Nonetheless, the fundamental purpose of copyright remains unchanged – to ensure that those who take on the risks of creation are appropriately rewarded for their abilities and efforts.
On the subject of online piracy:
the High Court’s decision of 2012 in the iiNet casechanged the position. The Government will be considering possible mechanisms to provide a ‘legal incentive’ for an internet service provider to cooperate with copyright owners in preventing infringement on their systems and networks.
Options the Attorney identified for fixing this include ‘graduated response’, third party injunctions against ISPs or maybe just facilitating self-regulation.
Read the Attorney General’s speech in full.
Lid dip: Peter Clarke
The ALRC’s report on Copyright and the Digital Economy was tabled in Parliament today.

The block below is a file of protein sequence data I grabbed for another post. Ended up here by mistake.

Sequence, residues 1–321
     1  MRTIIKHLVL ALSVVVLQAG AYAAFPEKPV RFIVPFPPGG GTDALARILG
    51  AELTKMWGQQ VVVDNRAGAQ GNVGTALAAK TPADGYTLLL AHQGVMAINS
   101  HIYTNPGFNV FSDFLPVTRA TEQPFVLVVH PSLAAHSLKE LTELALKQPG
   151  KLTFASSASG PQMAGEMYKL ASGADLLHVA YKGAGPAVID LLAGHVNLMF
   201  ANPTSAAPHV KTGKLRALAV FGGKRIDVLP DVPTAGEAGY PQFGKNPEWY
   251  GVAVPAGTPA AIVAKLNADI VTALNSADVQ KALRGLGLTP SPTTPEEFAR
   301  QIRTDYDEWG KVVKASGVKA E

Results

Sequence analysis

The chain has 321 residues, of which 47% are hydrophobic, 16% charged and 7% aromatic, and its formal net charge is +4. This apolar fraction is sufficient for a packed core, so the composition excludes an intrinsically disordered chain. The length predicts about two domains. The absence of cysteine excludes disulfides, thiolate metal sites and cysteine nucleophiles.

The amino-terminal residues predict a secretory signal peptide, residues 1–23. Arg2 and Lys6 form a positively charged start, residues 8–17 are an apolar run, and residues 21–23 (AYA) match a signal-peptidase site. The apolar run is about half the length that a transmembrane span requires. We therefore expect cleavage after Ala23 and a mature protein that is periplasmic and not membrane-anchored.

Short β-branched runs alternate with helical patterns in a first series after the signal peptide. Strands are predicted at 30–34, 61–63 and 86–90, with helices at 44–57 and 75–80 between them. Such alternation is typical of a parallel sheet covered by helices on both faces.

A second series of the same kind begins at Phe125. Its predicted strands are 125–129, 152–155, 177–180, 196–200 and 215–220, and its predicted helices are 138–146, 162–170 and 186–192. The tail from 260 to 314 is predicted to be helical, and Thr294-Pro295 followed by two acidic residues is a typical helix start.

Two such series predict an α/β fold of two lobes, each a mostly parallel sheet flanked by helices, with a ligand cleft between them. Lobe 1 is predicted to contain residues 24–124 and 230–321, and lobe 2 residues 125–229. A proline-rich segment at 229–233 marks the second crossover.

There are 30 recommendations, but the principal recommendation is the introduction of a general fair use defence against copyright infringement.
Here’s a statistic:
… the ALRC … undertook 109 consultations and received 870 submissions.
The principal recommendation:
Recommendation 5–1 The fair use exception should contain:
(a) an express statement that a fair use of copyright material does not infringe copyright;
(b) a non-exhaustive list of the factors to be considered in determining whether the use is a fair use (‘the fairness factors’); and
(c) a non-exhaustive list of illustrative uses or purposes that may qualify as fair use (‘the illustrative purposes’).
Recommendation 5–3 The non-exhaustive list of illustrative purposes should include the following:
(a) research or study;
(b) criticism or review;
(c) parody or satire;
(d) reporting news;
(e) professional advice;
(g) non-commercial private use;
(h) incidental or technical use;
(i) library or archive use;
(j) education; and
(k) access for people with disability.
There would also be a corresponding repeal of fair dealing and other specific defences.
If ‘fair use’ is not adopted, the ALRC recommends that a fair dealing exception be introduced for each of those purposes; (a) to (e) essentially exist already; (f) to (k) would be new.